“Every syllable I say is something Red said,” McGinley says. “Brooklyn Dodger fans aren’t fans, they’re fanatics, so we had to rise to that level. And it’s important to me that Brian let me do that. Every actor just wants to feel like they’re collaborating. When a director empowers you with that sense, it makes you want to run through a wall for the guy.”
Similarly, when McGinley was prepping for a Broadway run (recently ended) of David Mamet’s Glengarry Glen Ross, opposite Al Pacino, he hired a young actor, cleared a rehearsal space in his house on Malibu Beach, and spent a month running lines, two two-hour periods a day, six days a week. And that was before official rehearsals began in New York.
“That’s all fear-based, obviously, because I was scared to death,” McGinley deadpans. “The conventional wisdom with David Mamet is, you do not change a word. And that agrees with me. If you want to change any of David’s words, it’s like wanting to change the iambic pentameter in Shakespeare – you should do something else.”
But McGinley’s life isn’t all great jobs, golf games with Malibu buddies like John Cusack, and hanging out with his wife of six years, Nicole Kessler, a yoga instructor, and their two young daughters, Billie Grace, 5, and Kate, 2. His son Max, 16 (with his first wife, Lauren Lambert; they divorced in 2001), was born with a challenging form of Down syndrome: He can’t protect himself physically, and speaks words but not sentences. “To me, it’s a call to be a great parent, because you’re going to have to be,” McGinley says. “Parenting our girls is not as hard as parenting Max. It’s just not.”
He describes how he has to be “hypervigilant” with Max, always holding his hand in case a sudden siren compels him to dart into the street, training him – “and I do use the verb ‘to train,’” McGinley says – to put his hands down if he falls, or to not lean into strange dogs’ faces.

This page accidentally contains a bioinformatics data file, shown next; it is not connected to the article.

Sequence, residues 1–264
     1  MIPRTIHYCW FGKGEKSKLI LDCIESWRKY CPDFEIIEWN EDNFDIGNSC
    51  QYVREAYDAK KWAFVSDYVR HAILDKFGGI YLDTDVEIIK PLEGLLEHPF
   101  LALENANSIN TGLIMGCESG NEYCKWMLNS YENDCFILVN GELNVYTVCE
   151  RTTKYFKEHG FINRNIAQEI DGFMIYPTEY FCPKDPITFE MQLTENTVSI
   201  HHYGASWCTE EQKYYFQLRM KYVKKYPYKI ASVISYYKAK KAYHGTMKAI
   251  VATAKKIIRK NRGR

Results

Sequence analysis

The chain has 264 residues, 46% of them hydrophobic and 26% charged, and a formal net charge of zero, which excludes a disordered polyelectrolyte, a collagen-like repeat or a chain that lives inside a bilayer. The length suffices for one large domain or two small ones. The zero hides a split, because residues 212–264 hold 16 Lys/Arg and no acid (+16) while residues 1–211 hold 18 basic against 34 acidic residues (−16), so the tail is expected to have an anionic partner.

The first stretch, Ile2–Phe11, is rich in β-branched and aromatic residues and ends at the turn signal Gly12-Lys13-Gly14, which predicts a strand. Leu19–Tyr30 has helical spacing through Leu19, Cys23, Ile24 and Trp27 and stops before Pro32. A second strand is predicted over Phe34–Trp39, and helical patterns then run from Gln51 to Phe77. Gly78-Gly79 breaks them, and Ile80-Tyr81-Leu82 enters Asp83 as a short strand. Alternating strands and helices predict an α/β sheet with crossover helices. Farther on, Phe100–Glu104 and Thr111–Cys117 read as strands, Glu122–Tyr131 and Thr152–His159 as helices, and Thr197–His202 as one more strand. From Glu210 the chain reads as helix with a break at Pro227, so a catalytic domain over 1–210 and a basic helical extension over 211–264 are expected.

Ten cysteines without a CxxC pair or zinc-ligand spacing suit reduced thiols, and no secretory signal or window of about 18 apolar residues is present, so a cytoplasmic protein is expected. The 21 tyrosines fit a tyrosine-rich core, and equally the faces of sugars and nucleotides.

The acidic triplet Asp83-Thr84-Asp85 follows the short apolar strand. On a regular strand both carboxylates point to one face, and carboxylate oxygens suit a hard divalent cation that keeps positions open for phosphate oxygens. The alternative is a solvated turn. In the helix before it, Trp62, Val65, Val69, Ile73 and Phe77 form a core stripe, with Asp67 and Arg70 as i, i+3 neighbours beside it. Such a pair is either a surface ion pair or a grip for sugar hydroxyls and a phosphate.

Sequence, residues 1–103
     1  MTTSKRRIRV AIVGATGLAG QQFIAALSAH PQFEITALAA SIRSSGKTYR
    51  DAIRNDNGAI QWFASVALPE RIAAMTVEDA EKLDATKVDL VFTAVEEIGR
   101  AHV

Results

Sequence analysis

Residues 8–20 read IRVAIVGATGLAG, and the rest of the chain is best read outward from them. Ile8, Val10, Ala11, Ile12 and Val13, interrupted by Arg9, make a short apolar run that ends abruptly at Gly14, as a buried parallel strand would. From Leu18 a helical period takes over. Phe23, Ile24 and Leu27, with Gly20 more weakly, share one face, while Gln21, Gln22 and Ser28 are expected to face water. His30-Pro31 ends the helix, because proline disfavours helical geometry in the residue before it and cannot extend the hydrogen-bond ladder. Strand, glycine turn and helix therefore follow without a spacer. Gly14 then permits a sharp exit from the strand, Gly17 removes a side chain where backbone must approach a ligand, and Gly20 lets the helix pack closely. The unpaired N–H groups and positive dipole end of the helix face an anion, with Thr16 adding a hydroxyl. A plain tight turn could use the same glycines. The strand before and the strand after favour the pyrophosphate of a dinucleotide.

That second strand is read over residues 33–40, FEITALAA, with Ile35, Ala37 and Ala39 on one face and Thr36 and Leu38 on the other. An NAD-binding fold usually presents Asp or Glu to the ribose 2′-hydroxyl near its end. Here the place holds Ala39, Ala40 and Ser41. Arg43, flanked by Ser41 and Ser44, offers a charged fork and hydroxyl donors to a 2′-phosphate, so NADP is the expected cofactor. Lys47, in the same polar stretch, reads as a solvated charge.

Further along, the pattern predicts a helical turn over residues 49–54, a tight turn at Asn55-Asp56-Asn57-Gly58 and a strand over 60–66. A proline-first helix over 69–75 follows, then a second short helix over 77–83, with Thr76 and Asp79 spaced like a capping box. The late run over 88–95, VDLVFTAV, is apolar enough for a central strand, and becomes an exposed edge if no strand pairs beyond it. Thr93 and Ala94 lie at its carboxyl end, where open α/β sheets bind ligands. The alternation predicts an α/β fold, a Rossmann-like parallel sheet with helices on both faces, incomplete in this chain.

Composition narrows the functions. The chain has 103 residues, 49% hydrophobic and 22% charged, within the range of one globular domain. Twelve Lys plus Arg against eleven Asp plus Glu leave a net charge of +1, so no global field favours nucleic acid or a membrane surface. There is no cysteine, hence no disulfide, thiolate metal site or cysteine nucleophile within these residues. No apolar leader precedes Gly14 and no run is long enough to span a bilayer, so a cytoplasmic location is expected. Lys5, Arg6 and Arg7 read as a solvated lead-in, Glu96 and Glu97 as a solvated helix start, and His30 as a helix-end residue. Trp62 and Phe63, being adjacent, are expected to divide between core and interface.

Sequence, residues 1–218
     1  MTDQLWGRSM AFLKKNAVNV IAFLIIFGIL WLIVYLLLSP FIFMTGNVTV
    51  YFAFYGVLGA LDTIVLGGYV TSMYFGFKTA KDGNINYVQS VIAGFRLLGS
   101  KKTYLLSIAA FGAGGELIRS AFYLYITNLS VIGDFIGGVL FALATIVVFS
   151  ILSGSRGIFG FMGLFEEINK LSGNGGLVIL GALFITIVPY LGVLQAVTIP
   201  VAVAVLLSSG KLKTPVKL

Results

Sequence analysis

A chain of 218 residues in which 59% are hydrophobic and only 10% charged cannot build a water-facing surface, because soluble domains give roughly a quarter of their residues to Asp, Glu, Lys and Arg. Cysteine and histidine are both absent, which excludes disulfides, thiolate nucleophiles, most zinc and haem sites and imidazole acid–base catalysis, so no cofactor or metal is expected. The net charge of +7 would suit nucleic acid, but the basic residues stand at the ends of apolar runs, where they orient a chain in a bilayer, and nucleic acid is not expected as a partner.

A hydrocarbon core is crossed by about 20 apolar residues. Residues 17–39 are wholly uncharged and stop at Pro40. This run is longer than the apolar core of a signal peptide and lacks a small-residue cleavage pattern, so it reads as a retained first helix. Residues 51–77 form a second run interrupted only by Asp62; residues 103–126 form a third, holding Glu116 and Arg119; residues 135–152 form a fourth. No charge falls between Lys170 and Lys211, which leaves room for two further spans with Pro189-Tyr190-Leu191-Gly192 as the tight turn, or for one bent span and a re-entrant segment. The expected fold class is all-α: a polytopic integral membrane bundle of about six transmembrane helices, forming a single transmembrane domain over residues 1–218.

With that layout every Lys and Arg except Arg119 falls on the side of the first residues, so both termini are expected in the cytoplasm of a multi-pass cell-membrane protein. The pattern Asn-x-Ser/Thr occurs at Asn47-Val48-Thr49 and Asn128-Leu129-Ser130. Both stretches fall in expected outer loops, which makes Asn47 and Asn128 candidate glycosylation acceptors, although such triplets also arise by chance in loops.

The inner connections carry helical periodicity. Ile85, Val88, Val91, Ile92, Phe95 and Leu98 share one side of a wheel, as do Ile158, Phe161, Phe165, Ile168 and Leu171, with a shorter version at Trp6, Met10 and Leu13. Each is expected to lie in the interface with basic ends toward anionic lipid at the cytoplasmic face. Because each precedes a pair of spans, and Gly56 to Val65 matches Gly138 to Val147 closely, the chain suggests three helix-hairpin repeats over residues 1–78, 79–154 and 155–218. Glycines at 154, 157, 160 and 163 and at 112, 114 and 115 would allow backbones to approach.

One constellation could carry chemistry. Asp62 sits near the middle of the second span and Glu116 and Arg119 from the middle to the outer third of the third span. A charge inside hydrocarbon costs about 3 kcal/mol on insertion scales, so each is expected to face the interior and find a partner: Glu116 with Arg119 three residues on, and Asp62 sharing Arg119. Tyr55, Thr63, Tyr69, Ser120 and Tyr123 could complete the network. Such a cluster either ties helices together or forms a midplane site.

“And that’s tip of the iceberg for the heightened awareness and heightened energy drain,” he continues. “At every play date and party, I’m this guy.” He looks around alertly. “People are like, ‘You’re so on edge with your son.’ I’m like, ‘Just be quiet. I don’t want to hear how I am with my son, because we just got back from the hospital with eight stitches on his chin.’”
But Max has also taught him a less reciprocal definition of love, McGinley says: “With most kids, there’s a return on what we invest. With the two girls, I get a ton of hugs and ‘I love you’s.’ Max has proximity issues, so sometimes I’m not getting a hug, even if I busted my ass to make the eight-hour journey to the Wiggles concert and back. That has to be okay. And it is okay, but it’s an adjustment.”
McGinley’s philosophy of life is a lot like his philosophy of acting: “If you can figure out where you fit into any particular story, you’ll be okay,” he says. “When you’re not quite sure where you fit in, you try to be too many parts of the story. You gild the lily. I see it all the time. Whereas if you take time early on to figure out where you fit in, you’ll be better for it. And happier.”Report Typo/Error